African American men report lower levels of depressive symptoms that their white peers in national data. However, the value of these studies is often undermined by data that confound race, socioeconomic status, and segregation. We sought to determine whether race differences in depressive symptoms were present after minimizing the effects of socioeconomic status and segregation within a cohort of southwest Baltimore (SWB) men using the data from the Exploring Health Disparities in Integrated Communities (EHDIC), a novel study of racial disparities within communities where African American and non-Hispanic white males live together and have similar median incomes. Using the Patient Health Questionnaire, a standard instrument for assessing mental disorders, we categorized participants as experiencing depressive symptoms (including depressive syndrome and major depression) or not experiencing depressive symptoms. Logistic regression was performed to examine the association between depressive symptoms and race in EHDIC-SWB, adjusting for age, marital status, income, education, insurance, physical inactivity, current smoking or drinking status, poor/fair health, hypertension, heart disease, diabetes, stroke, and obesity. Of the 628 study participants, 12.6% of white men and 8.6% of African American men reported depressive symptoms. African American males had similar odds of reporting depressive symptoms (odds ratio = 0.61, 95% confidence interval = 0.34-1.11) as compared with white men. Within this low-income urban racially integrated community, race differences in depressive symptoms among men were not observed. This finding suggests that social and environmental conditions may impact the race differences in depressive symptoms.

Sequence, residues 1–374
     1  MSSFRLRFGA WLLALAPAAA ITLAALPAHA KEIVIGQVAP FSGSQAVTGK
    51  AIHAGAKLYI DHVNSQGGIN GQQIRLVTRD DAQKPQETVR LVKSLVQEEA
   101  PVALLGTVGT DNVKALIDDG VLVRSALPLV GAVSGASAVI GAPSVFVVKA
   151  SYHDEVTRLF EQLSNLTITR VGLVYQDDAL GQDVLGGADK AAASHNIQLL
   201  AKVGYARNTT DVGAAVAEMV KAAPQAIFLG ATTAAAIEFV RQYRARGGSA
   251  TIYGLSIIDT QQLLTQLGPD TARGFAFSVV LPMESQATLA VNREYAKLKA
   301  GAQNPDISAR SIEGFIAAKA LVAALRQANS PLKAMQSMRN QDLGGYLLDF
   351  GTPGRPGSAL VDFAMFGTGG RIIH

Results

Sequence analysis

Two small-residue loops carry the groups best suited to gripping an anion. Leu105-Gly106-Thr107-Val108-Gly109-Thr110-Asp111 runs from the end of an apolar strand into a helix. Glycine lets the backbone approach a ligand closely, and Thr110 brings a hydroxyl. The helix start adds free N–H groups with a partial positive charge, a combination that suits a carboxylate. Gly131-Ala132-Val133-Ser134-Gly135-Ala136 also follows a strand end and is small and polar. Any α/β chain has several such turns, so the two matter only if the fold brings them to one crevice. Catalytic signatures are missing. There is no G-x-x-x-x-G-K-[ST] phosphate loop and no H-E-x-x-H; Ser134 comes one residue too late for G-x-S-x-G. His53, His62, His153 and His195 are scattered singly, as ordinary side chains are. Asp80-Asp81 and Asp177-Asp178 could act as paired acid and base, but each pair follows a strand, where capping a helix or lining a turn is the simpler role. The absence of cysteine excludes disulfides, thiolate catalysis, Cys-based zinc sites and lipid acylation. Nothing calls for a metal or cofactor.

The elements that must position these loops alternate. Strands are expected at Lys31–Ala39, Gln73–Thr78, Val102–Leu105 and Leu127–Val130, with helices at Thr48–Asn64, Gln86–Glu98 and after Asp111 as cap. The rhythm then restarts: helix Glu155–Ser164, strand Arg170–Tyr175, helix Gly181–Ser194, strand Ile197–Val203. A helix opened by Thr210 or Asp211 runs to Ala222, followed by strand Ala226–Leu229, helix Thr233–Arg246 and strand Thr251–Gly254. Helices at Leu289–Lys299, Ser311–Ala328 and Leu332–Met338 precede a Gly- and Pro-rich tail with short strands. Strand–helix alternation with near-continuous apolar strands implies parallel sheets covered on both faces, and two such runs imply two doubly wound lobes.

- depressive symptoms
ASJC Scopus subject areas
- Public Health, Environmental and Occupational Health